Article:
<asp:Image Width="100" Height="123"

           runat="server"

           ImageUrl='<%# Eval("ShipperID", "{0}.gif") %>'

           AlternateText='<%# Eval("CompanyName", "{0} Logo") %>' />

    </td>

    <td>

      <b><%#Eval("CompanyName")%></b><p />

      <%#Eval("Phone")%><p />

      <asp:LinkButton  runat="server"

           CommandName="Edit" Text="Edit Details" /><br />

      <asp:LinkButton  runat="server"

           CommandName="New" Text="Add New Shipper" />

    </td>

  </tr>

  </table>

</ItemTemplate>


Listing 4.30 shows the declaration of the EditItemTemplate in this example. Again an HTML table is used. The ID of the shipping company is shown as text; however, it is required to populate the @ShipperID parameter of the SQL UPDATE statement that will be executed to push the changed values back into the database. This means that we must use a server control with a unique ID, along with the Bind method, to expose this value for use as a parameter. Meanwhile the company name and phone number are displayed in TextBox controls so they can be edited, again using the Bind method (instead of the Eval method) so that their values will be available as parameters for the SQL UPDATE statement.

The EditItemTemplate Declaration for a FormView Control
<EditItemTemplate>

  <table border="0" cellpadding="5">

    <tr>

      <td align="right">ShipperID:</td>

      <td>

        <asp:Label runat="server" 

             Text='<%# Bind("ShipperID") %>' /></td>

    </tr>

    <tr>

      <td align="right">Company Name:</td>

      <td>

        <asp:TextBox  runat="server"

             Text='<%# Bind("CompanyName") %>' />

      </td>

    </tr>

    <tr>

      <td align="right">Phone:</td>

      <td>

        <asp:TextBox  runat="server"

             Text='<%# Bind("Phone") %>' />

      </td>

    </tr>

    <tr>

      <td colspan="2">

        <asp:LinkButton  CommandName="Update"

             Text="Update" runat="server" />

        <asp:LinkButton  CommandName="Cancel"

             Text="Cancel" runat="server" />

      </td>

    </tr>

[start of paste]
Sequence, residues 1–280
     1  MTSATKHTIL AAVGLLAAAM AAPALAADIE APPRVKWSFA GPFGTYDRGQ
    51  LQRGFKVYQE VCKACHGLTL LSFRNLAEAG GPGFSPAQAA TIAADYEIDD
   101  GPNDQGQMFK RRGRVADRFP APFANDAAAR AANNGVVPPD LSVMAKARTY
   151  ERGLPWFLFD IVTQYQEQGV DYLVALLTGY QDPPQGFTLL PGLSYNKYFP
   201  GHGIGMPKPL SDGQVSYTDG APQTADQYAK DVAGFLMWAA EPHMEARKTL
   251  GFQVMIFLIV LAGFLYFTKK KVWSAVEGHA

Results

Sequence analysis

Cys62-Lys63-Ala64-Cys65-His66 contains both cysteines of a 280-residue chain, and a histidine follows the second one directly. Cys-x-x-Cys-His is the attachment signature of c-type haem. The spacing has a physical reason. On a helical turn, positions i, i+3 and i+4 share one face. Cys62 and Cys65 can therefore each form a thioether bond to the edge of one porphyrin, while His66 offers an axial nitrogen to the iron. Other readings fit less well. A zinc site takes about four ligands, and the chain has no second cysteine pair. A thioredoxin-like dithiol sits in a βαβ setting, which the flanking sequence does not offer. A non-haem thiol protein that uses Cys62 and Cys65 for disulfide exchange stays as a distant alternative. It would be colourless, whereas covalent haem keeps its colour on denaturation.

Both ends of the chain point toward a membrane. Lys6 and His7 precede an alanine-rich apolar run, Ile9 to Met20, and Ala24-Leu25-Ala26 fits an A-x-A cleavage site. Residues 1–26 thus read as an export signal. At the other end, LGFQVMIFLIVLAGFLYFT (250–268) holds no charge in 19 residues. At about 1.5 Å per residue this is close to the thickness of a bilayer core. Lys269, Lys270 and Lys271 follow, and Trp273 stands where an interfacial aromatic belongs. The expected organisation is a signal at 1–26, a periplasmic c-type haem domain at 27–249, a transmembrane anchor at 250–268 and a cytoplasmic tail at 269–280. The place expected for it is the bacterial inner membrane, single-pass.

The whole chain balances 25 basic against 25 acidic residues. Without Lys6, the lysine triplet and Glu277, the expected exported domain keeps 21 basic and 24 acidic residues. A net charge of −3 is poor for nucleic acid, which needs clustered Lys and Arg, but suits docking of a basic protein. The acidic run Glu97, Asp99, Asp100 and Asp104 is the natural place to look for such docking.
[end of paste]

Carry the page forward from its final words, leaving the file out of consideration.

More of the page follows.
</table>

</EditItemTemplate>


The final template is the InsertItemTemplate, shown in Listing 4.31. This is very similar to the EditItemTemplate seen in Listing 4.30. However, the ShipperID is an IDENTITY (or AutoNumber) column in the database, so it does not appear in the SQL INSERT statement. As there is no need to populate a parameter for the ShipperID, there is no requirement for a control where the user would enter a value. However, you would have to insert it if the column were not an IDENTITY type.

Of course, the company name and phone number are required, and two TextBox controls are provided for this. These TextBox controls use the Bind method, so as to populate the two matching parameters in the INSERT statement.

The only other differences between the InsertItemTemplate and the EditItemTemplate are the selection of command buttons that are declared in the right-hand cell. When adding new rows, you need only the Insert command and the Cancel command.

The InsertItemTemplate Declaration for a FormView Control
<InsertItemTemplate>

  <table border="0" cellpadding="5">

    <tr>

      <td align="right">Company Name:</td>

      <td>

        <asp:TextBox  runat="server"

             Text='<%# Bind("CompanyName") %>' />

      </td>

    </tr>

    <tr>

      <td align="right">Phone:</td>

      <td>

        <asp:TextBox  runat="server"

             Text='<%# Bind("Phone") %>' />

      </td>

    </tr>

    <tr>

      <td colspan="2">

        <asp:LinkButton  CommandName="Insert"

             Text="Add" runat="server" />

        <asp:LinkButton  CommandName="Cancel"

             Text="Cancel" runat="server" />

      </td>

    </tr>

  </table>

</InsertItemTemplate>


Listings 4.28 through 4.31 show all the code required to declare a complete FormView control that can provide attractive customized output that doesn't look like the standard GridView or DetailsView controls. The remaining task is to add a data source control to the page, with the appropriate settings for the SelectCommand, UpdateCommand, and InsertCommand, as shown in Listing 4.32. This data source control is connected to the FormView control through the DataSourceID property of the FormView, and no other code is required to make it all work. Figure shows the results, with the page in normal mode, edit mode, and insert mode.

The Declaration of the SqlDataSource Control for the FormView
<asp:SqlDataSource  runat="server"

  SelectCommand="SELECT ShipperID, CompanyName, Phone FROM Shippers

  UpdateCommand="UPDATE Shippers SET [email protected],

                 [email protected] WHERE [email protected]"

  InsertCommand="INSERT INTO Shippers (CompanyName, Phone)

                 VALUES (@CompanyName, @Phone)" />


10. The FormView control in normal, edit, and insert modes

graphics/04fig10.gif



     Python   SQL   Java   php   Perl 
     game development   web development   internet   *nix   graphics   hardware 
     telecommunications   C++ 
     Flash   Active Directory   Windows